For example, on these occasions, I am thinking of my parents and my wife’s parents, and the missing grandparents and other lost forebears of the people who are joining their lives. I express thanks to those who have preceded us but who are no longer here with us. I say that we feel their lives in us, and we know we are their children and their grandchildren, and we thank them for their mindful strengths and loving hearts. I reminded my daughters and their partners that other lives flow into ours “and allow us to give the grace of living and loving to each other.”
Love is of course present in these ceremonial moments. Love is lovely, being loving and being loved is lovely. The reading is about love, from Thomas á Kempis, whose model for love emulates Jesus. But the idea of love in his words is sensual and universal to me, it is secular and not religious, and it reminds us that love has many forms, many expressions, many lovers.
Love is a great thing, a great good in every way; it alone lightens what is heavy, and leads smoothly over all roughness. … It carries a burden without being burdened, and makes every bitter thing sweet and tasty. Love wants to be lifted up, not held back by anything low …. Nothing is sweeter than love; nothing stronger, nothing higher, nothing wider; nothing happier, nothing fuller, nothing better in heaven and earth …
Love keeps watch and is never unaware, even when it sleeps; tired, it is never exhausted; hindered, it is never defeated; alarmed, it is never afraid; but like a living flame and a burning torch it bursts upward and blazes forth. … Let me grow in love, so that I may learn to taste in my innermost heart how sweet it is to love, to be dissolved and to plunge into the ocean of love.
[Thomas á Kempis, Of the Imitation of Christ]
Each marriage I have performed has happened in the presence of water: still water in a reflecting pool, furious waves on a windy North Carolina beach, water rushing down rapids in a Virginia park. Perhaps not “the ocean of love,” but flow and confluence, tides and reflections, and the infinite depths and planes of our lives were made present by water.
I have been a teacher throughout my life, but I now understand (at last) that I sought to express to my distant classes all of the things I could not teach them, all the things that would happen to them in ways they might not expect. I taught my students that our greatest skills are improvisational, perhaps unexpected, and always artful. I think this is true of marriage as well.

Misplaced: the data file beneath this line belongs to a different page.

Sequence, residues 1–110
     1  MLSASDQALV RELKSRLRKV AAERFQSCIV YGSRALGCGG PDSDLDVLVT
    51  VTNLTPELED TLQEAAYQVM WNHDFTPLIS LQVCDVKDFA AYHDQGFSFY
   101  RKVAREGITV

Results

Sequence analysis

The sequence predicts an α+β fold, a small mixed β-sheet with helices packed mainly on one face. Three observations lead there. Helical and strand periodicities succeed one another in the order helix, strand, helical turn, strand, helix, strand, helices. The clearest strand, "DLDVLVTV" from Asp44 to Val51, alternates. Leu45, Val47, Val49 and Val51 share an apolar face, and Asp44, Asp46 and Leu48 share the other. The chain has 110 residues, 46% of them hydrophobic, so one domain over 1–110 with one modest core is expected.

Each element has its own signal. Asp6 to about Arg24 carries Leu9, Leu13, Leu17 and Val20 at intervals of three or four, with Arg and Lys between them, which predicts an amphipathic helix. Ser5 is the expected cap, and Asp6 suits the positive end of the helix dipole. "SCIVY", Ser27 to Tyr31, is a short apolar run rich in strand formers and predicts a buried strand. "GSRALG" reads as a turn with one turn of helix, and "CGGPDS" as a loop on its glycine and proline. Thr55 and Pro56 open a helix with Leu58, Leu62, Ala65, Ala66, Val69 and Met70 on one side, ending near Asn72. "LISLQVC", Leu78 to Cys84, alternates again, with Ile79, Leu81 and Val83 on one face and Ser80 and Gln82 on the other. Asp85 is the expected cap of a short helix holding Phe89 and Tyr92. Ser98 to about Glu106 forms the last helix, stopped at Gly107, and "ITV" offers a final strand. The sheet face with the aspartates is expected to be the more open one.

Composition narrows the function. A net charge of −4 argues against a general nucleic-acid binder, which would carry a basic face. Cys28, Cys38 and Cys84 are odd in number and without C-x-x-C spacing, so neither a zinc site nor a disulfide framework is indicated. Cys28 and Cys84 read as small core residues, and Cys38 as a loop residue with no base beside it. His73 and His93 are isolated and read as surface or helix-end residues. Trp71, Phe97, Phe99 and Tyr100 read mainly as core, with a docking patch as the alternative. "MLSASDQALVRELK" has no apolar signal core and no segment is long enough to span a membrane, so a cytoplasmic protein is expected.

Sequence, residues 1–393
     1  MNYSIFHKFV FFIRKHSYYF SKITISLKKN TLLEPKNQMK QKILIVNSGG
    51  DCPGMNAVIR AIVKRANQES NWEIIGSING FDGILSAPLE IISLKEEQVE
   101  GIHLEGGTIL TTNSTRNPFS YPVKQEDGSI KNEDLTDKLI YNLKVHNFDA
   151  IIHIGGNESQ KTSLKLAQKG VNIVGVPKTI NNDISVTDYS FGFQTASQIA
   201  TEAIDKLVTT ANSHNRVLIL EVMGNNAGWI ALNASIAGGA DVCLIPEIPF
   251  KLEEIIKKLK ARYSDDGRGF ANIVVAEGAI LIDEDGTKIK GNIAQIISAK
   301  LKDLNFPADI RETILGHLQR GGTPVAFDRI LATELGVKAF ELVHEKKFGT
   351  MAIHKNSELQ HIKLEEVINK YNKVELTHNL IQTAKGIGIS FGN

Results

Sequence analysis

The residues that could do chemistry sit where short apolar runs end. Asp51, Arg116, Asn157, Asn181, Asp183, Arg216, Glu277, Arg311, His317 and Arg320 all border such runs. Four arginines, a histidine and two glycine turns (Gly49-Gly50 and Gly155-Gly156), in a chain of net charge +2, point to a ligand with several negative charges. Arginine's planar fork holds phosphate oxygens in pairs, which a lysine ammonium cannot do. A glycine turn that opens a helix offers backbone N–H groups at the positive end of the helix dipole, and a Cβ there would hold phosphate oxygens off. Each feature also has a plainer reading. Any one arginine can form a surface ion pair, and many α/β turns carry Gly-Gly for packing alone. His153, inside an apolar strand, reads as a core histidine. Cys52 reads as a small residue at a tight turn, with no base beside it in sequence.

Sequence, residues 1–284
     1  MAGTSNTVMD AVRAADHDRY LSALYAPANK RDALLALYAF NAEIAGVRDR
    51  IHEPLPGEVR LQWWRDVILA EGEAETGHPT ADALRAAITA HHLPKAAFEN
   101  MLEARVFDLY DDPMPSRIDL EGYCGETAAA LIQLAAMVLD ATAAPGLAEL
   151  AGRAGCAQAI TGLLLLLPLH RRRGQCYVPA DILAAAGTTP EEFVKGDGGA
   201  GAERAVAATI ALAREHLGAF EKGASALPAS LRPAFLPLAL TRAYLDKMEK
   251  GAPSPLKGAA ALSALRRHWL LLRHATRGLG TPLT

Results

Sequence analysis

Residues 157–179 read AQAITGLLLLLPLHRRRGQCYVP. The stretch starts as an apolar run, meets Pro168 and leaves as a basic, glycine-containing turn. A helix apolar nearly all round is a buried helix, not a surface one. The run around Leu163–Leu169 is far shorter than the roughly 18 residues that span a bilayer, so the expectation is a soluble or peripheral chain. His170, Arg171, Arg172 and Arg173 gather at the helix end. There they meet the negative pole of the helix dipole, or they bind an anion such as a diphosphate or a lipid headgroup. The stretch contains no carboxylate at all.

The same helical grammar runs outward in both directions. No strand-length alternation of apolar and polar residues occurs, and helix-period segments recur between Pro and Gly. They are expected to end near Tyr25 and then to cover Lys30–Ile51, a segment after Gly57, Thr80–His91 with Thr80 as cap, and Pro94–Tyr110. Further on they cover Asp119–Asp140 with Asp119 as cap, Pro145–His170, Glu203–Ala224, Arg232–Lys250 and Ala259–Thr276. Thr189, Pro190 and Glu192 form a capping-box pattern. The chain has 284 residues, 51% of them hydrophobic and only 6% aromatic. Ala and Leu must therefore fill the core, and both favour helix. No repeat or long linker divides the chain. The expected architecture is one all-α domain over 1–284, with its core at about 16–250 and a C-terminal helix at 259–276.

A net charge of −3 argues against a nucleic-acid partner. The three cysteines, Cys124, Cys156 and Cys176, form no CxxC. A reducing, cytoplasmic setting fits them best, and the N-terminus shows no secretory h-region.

In my ceremony, still thinking like a teacher, I call them these unexpected skills the lessons of marriage. “There is no greater wish than that each of these lessons will become clear to you,” I say, ”and then always clearer to you, as they have to those who have loved and married before you.”
But really I have no “lessons” as we might expect from the school-induced contexts of that word. “These lessons,” I say, “cannot be taught or learned by anyone other than you, and they could not be learned today or yesterday, only tomorrow and every day after. They are lessons learned by two people, for and from each other.”
This is another reason for the ceremony, to mark a day when the lessons begin to change in form and permanence:
- The lessons of responsibility and trust for you.
- The lessons of thinking together with you.
- The lessons of laughing with you.
- The lessons of giving courage to you.
- The lessons of taking courage from you.
- The lessons of growing with you.
- The lessons of being, quietly, with you.
I might add the lessons of generosity, the lessons of gentleness, and all the lessons of touch. “How will you discover these lessons for yourselves in your shared lives?” I ask. “No one can say but you. No one can know but you. And no one will be able to express – perhaps not even you – what these lessons will mean. But these lessons will become the best and most of your marriage, and now you are ready to learn them.”
My ceremony is nearly over now. There is an exchange of rings, where each person says this vow to the other:
I take you into my life in equal love. I take you as a mirror to my self and a partner on my way. I give you my open heart completely for all of my life.
It is time to seal the marriage. “Now you will feel no rain, for each of you will be a shelter to the other. Now you will feel no cold, for each of you will be warmth for the other. Now there is no loneliness for you; now there is no more loneliness. Now there are two bodies, but there is only one life, and it is time to begin that life as a living trust.” I remind the couple, “Every day you will find each other in new ways and learn the lessons of this marriage in new ways. Every day, you will be companions and partners, partners and companions, to each other.”
Your friend, for ever and ever and ever.
“With a kiss and an embrace, and with the love and affection of everyone present,” I end my ceremony, “it is time to start on your way.” And as the ceremony ends, the embrace happens, the kiss happens, the marriage begins.
For Lisa and James, Anna and Brett, Eve and Dave, and for Carol
June 15, 2011